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Black Tide by Christopher Morris

I’m a person with a range of interests, a lot of different ways of seeing the world, as are the photographers at VII.  “Entertain me,” “Educate me,” “Do something,” that’s the kind of magazine I’m trying to make. I hope that as people come to this it will draw them in. One of the most exciting things for me is that despite the fact that we haven’t put this out there in a big way yet, the numbers tell us that people are spending 7-10 minutes on the site at a time which, in the internet world, is a long time. That means people are staying with the stories.


Paparazzi by Jessica Dimmock

One thing that makes this unique and truly different from a traditional magazine is that a magazine determines its course and then assigns stories, whereas this material is generated by the VII photographers who will create it with or without the magazine, and then it passes through your editorial funnel, which is a compelling difference.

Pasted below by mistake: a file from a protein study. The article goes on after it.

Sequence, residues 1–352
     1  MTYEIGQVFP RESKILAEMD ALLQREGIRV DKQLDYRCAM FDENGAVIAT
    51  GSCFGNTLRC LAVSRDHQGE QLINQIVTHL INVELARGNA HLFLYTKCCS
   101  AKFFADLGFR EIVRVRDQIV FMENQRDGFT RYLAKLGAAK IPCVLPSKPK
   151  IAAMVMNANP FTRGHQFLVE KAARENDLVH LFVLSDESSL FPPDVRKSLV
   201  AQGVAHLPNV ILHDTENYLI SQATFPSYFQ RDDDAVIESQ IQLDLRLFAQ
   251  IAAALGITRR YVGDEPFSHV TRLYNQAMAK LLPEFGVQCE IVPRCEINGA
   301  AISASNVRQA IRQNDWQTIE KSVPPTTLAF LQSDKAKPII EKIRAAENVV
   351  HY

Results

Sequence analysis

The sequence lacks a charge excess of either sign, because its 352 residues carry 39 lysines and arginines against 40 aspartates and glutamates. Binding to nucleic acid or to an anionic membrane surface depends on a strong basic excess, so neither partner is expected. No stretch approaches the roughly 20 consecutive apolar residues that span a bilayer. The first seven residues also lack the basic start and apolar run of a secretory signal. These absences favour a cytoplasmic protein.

It is unique in terms of what’s happening in the business because with VII The Magazine the power lies with the photographers. It used to lie in the hands of people who were buying, the print magazines and newspapers. We have the material and that’s where our strength is. We’re not sitting back waiting for people to buy it, we’re putting it out there ourselves.

What state are stories in when they come to you?